Carnegie Mellon Engineering

News Brief: Carnegie Mellon's Adam Feinberg Develops Key Method for Manipulating Cells in Engineered Tissues for Medical Devices

December 15, 2014

Contact: Daniel Tkacik
Carnegie Mellon University

PITTSBURGH—Carnegie Mellon University professor Adam Feinberg and colleagues have developed a new method to control how cells organize themselves on surfaces, a key process for tissue engineering such as building and interfacing muscle tissue with materials in medical devices like coronary stents. The results were published in this week's issue of Nature Methods.

"In order for muscle to contract with maximum force, you need to have all the muscle cells aligned in the same direction," explained Feinberg, a professor in the Department of Biomedical Engineering at Carnegie Mellon. "By micro-patterning adhesive proteins on a surface, we can guide cells to align all together, regardless of the underlying roughness or topography."

Up until this point, Feinberg explained, scientists have been able to manipulate cells on surfaces either by micro-patterning adhesive proteins that interact with cells, or by micro-patterning topographical features in the surfaces, like pillars and ridges, which force cells to grow in specific directions. However, it has been challenging to combine both techniques together.

"To micro-pattern proteins, researchers have used a contact printing technique; imagine a rubber ink stamp," Feinberg explained. "If you place a rubber stamp on a rough surface, only the top of the rough features will touch the stamp, leaving holes and gaps in the pattern."

To address this problem, Feinberg's group created a technique termed "Patterning on Topography," that is able to reach into deep areas on rough surfaces, allowing more of the proteins to be transferred. To do this, the group first micro-patterned proteins onto a special polymer that swells when it is placed in warm water and then cooled. This swelling behavior was used to transfer the patterned protein.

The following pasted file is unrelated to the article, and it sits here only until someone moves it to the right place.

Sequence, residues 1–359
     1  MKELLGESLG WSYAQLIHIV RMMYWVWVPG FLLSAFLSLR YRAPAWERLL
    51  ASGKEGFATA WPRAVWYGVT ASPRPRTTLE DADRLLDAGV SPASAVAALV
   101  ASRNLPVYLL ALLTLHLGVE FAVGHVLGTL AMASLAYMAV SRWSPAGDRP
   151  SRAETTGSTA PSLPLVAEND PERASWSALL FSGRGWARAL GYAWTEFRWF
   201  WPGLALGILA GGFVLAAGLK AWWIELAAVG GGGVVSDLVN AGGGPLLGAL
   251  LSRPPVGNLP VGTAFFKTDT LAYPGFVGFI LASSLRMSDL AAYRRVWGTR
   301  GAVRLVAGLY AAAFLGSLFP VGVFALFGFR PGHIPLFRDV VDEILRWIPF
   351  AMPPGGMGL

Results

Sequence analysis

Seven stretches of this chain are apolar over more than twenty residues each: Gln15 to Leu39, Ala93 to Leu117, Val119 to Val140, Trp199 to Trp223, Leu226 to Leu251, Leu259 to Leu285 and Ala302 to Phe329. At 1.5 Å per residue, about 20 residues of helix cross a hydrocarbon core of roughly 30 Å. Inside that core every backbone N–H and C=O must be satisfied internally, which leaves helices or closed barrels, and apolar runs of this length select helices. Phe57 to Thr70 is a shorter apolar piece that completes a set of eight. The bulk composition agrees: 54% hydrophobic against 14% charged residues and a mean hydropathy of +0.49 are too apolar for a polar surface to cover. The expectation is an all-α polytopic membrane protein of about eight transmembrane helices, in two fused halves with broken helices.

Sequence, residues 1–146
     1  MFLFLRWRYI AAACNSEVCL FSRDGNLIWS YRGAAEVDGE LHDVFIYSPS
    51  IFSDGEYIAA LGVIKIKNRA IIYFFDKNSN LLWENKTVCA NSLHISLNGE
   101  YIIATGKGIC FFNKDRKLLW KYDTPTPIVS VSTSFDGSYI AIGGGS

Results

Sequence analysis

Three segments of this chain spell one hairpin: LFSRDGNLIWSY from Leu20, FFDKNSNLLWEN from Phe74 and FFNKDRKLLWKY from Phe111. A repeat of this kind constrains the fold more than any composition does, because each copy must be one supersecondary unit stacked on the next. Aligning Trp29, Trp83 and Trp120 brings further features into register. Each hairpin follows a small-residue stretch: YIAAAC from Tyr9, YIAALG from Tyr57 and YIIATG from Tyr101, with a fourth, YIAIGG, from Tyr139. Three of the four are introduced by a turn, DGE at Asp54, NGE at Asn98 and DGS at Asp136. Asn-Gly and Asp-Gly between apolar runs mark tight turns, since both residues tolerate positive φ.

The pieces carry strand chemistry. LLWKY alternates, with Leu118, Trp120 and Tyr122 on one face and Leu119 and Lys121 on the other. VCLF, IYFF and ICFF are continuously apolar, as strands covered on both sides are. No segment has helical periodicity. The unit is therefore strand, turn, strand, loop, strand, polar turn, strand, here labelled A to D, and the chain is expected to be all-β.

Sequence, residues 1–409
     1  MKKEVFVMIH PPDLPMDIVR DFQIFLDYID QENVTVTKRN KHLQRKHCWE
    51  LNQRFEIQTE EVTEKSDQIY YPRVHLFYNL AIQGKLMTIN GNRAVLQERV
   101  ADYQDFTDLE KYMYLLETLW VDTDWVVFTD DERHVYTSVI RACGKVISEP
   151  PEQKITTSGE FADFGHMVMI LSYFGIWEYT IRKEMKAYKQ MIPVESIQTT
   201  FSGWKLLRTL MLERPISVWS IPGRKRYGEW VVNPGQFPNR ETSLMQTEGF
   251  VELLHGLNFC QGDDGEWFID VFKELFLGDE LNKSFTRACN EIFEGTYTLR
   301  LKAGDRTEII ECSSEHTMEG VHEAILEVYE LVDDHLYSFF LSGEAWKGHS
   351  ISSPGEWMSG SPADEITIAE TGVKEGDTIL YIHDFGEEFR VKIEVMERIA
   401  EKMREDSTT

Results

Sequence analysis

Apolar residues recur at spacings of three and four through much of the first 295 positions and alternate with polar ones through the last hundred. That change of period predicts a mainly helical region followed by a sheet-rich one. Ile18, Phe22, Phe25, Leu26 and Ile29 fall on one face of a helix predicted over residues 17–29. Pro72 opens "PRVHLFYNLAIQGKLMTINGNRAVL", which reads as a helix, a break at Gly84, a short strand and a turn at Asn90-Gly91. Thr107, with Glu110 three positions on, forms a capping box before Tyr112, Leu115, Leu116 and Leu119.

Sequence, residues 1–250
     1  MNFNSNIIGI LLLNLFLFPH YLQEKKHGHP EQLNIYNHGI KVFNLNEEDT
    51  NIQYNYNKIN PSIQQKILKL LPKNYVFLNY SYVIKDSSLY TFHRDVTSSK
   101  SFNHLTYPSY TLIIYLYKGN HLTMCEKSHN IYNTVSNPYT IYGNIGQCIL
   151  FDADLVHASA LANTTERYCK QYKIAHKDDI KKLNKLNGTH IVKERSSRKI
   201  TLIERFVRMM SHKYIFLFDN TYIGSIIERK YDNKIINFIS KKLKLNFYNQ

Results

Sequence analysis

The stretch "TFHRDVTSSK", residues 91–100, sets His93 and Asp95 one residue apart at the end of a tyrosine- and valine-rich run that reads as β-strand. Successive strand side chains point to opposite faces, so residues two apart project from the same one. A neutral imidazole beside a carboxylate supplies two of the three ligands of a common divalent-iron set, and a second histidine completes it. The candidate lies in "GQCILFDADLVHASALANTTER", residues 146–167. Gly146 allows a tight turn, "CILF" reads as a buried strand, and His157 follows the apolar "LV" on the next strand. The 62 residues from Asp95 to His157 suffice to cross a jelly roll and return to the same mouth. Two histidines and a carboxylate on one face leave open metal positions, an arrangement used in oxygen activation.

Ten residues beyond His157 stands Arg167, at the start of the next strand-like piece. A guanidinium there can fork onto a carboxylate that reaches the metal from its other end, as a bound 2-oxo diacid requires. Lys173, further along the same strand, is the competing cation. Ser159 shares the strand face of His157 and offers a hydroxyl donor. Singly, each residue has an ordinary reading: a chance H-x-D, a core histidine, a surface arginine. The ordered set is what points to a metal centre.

"In Patterning on Topography, the release surface swells with water and pushes the protein into all the nooks and crannies on the rough surface," Feinberg explained. "We realized that the proteins were stretchy, and that they could be patterned in this new way with high fidelity, even into deep holes."

Feinberg said that this opens the door for countless new studies.

"The novelty here is the ability to combine micro-patterned chemistry and topography in new ways to control cell growth and behavior," Feinberg said. "Currently we are using this to understand more about how cells behave, but ultimately we plan to use Patterning on Topography to engineer heart muscle and to enhance the biocompatibility of medical devices, such as improving the long-term stability and performance of coronary stents."

This research was supported by the National Heart, Lung and Blood Institute of the National Institutes of Health under Award Number DP2HL117750. The content is solely the responsibility of the authors and does not necessarily represent the official views of the National Institutes of Health.

Adam Feinberg Discussing Patterning on Topography:

More on Feinberg's research (video)

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